Review: BlackBerry Torch 9860. Just how illuminating is this smartphone?

BlackBerrys are still the corporate phone of choice for many businesses, purely because they offer a high level of functionality and versatility at a relatively low cost. However, the success and popularity of Apple, along with more organisations embracing ‘bring your own device’ (BYOD) schemes, has led to the iPhone becoming the smartphone of choice for many business users. 

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It may have taken a while but, following on from the original BlackBerry Torch, which is part touchscreen and part slide out keyboard, RIM have finally taken the plunge and released an all touchscreen handset. The Torch 9860 will inevitably end up drawing comparisons against the iPhone and leading Android devices, such as the HTC Sensation and Samsung Galaxy SII, so let’s see how it measures up. 
Looks:

Stylish is not usually a word I would attribute to BlackBerry but I think they’ve broken the mould with the Torch. Usually shiny plastic looks cheap but here I would call it glossy, even the chrome coloured reflective border around the back of the handset looks sleek. 
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The back of the 9860 features a solid metal back plate and a soft touch rubber lining, from which the ‘convenience’ and volume keys protrude on the right hand side. Although these buttons are insanely thin and often need to be pushed with a nail rather than a finger, the device as a whole feels solid and top class. 
The right hand side is also where the headphone jack can be found and the left hand side plays host to only the usb and charging port. 
 

IMG_0411.JPGUnlike the HTC Sensation and iPhone, the Torch’s lock button is separate to its on/off button, cleverly integrated into the rounded top. 

This BlackBerry measures 120mmx62x11.5, which in case you are wondering, is marginally bigger than an iPhone 4 all round, although it is 2 grams lighter than the idevice at 135g. 
Unlike the iPhone 4, the BlackBerry features five buttons running along the bottom of the handset. There is a call, menu, select (which is also a trackpad, as is the norm more recent RIM models), back and end call button.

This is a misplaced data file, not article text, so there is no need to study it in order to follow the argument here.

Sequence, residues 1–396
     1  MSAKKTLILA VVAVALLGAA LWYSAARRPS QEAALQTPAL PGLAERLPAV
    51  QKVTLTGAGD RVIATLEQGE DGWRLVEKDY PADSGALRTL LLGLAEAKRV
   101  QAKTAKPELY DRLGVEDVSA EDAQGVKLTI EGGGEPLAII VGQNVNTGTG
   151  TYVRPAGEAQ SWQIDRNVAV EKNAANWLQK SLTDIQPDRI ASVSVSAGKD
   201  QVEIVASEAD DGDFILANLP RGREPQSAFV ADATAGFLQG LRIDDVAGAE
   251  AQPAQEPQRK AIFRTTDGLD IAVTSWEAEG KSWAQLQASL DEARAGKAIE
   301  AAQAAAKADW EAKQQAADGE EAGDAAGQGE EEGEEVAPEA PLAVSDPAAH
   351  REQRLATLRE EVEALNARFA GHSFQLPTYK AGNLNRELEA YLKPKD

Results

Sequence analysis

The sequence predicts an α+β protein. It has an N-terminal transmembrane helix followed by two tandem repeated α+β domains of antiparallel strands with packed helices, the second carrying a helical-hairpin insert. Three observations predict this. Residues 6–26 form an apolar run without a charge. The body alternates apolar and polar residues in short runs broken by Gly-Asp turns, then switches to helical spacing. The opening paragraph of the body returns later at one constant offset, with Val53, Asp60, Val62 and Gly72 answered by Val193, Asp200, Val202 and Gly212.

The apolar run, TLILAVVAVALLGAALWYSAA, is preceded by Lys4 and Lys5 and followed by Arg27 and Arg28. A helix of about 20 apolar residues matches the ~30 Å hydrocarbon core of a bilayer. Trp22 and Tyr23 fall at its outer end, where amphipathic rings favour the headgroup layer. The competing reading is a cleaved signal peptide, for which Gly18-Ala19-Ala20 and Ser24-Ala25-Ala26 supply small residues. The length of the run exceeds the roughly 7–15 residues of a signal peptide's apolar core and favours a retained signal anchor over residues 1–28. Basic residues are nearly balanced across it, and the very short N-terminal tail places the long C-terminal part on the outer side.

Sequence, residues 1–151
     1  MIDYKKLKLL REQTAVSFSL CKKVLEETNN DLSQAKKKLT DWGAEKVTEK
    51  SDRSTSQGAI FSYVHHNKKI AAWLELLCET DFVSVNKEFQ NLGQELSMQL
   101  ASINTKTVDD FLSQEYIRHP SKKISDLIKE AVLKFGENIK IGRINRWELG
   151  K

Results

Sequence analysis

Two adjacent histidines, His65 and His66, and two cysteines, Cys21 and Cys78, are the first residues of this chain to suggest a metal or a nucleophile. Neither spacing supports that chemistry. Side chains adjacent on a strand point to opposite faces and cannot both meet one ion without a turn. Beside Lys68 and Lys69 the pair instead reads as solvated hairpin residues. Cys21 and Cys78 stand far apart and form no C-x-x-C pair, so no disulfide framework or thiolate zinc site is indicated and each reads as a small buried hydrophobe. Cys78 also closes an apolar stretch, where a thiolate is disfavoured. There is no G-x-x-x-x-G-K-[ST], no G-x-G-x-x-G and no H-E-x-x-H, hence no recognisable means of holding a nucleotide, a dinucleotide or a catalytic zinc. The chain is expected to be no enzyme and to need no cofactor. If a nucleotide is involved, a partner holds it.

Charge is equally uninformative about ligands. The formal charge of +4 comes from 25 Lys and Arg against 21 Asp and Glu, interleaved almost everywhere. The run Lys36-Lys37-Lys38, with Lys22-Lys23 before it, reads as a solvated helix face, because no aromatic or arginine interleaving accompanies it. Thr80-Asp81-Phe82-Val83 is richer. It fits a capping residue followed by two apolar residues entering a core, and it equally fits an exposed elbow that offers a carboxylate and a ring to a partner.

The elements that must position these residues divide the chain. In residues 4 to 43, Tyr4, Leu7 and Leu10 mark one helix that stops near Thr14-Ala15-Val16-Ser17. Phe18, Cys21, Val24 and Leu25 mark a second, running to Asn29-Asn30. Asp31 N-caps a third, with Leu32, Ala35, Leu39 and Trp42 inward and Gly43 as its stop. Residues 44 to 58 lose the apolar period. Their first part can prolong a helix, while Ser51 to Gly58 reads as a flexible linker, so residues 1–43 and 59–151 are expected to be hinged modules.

I think, by far, the most impressive thing about the Torch 9860 is that, despite all the evolution and changes, it still manages to be instantly recognisable as a BlackBerry. 
Screen:

The 3.7 inch TFT LCD 800×480 screen fitted in the Torch is the biggest that RIM have made and from the looks of it, you’d think they’d have been doing it for years. 
The screen looks brilliant, it’s sharp, bright and provides a pleasant experience when using the BlackBerry browser or viewing media. 
Hardware:

The Torch comes with a 1.2GHz CPU, unfortunately only a single core, meaning it can’t match the processing power of the Galaxy S2 and HTC Sensation. 
That said, BlackBerry OS doesn’t have to deal with Android and then Sense 3.0 on top of that, RIM have kept it simple. 
It comes with 768MB RAM, which is respectable, and 4GB of built-in memory. This is obviously also expandable with the help of a Micro SD card. 
Camera & Video:

The 5MP camera with flash is the same one that can be found on its predecessor, but the software has had some tweaking, with a new face detection mode being added. 
Once you push the convenience key (its set to operate the camera as a default), if you are actually able to push it properly as it is insanely thing, the camera shutter works instantly. As the shutter is quite fast it is almost a challenge to get a picture to blur without shaking the phone around all over the place. 
Here is a sample shot:
BBT9860.jpgFor the full resolution image click here. To view two different full res images click here and here.
The Torch is also capable of recording videos up to 720p (1280 x 720). It also offers 640 x 480 or 176 x 144 and a frame rate of 30fps. As you can see the auto-focus has a mind of its own during video recording but, bless it, its trying to do the best it can. 
Here is a sample video I recorded: 
Media:

The introduction of Liquid Graphics in OS 7 has greatly improved the performance of the music and video player; it’s made the 1.2GHz processor’s job even easier and greatly reduced the chances of lag. 
Adding media is as easy as peas, simply plug it in, navigate to the media then either video or music folder and drag and drop. I added a 3-track EP and 150MB video clip to test out playback. 
IMG_0415.JPGThe music player offers you the usual options of browsing through your audio library, however things can get a bit too close together and I did find myself selecting the wrong song by accident at times.